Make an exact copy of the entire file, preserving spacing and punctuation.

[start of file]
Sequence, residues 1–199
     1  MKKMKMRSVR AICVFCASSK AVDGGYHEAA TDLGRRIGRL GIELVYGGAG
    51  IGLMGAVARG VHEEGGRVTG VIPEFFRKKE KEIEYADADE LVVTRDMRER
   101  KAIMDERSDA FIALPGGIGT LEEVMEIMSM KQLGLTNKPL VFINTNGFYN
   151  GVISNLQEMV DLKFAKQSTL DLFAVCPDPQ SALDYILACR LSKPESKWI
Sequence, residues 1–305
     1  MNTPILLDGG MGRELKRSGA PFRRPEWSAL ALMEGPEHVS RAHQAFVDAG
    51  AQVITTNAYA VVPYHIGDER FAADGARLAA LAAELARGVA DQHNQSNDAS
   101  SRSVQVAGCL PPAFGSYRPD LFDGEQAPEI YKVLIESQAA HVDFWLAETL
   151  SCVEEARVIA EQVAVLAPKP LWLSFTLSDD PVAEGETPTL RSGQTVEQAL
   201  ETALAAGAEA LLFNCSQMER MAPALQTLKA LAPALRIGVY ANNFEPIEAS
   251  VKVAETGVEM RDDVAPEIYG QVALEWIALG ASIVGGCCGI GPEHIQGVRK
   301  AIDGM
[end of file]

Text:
Sequence, residues 1–199
     1  MKKMKMRSVR AICVFCASSK AVDGGYHEAA TDLGRRIGRL GIELVYGGAG
    51  IGLMGAVARG VHEEGGRVTG VIPEFFRKKE KEIEYADADE LVVTRDMRER
   101  KAIMDERSDA FIALPGGIGT LEEVMEIMSM KQLGLTNKPL VFINTNGFYN
   151  GVISNLQEMV DLKFAKQSTL DLFAVCPDPQ SALDYILACR LSKPESKWI
Sequence, residues 1–305
     1  MNTPILLDGG MGRELKRSGA PFRRPEWSAL ALMEGPEHVS RAHQAFVDAG
    51  AQVITTNAYA VVPYHIGDER FAADGARLAA LAAELARGVA DQHNQSNDAS
   101  SRSVQVAGCL PPAFGSYRPD LFDGEQAPEI YKVLIESQAA HVDFWLAETL
   151  SCVEEARVIA EQVAVLAPKP LWLSFTLSDD PVAEGETPTL RSGQTVEQAL
   201  ETALAAGAEA LLFNCSQMER MAPALQTLKA LAPALRIGVY ANNFEPIEAS
   251  VKVAETGVEM RDDVAPEIYG QVALEWIALG ASIVGGCCGI GPEHIQGVRK
   301  AIDGM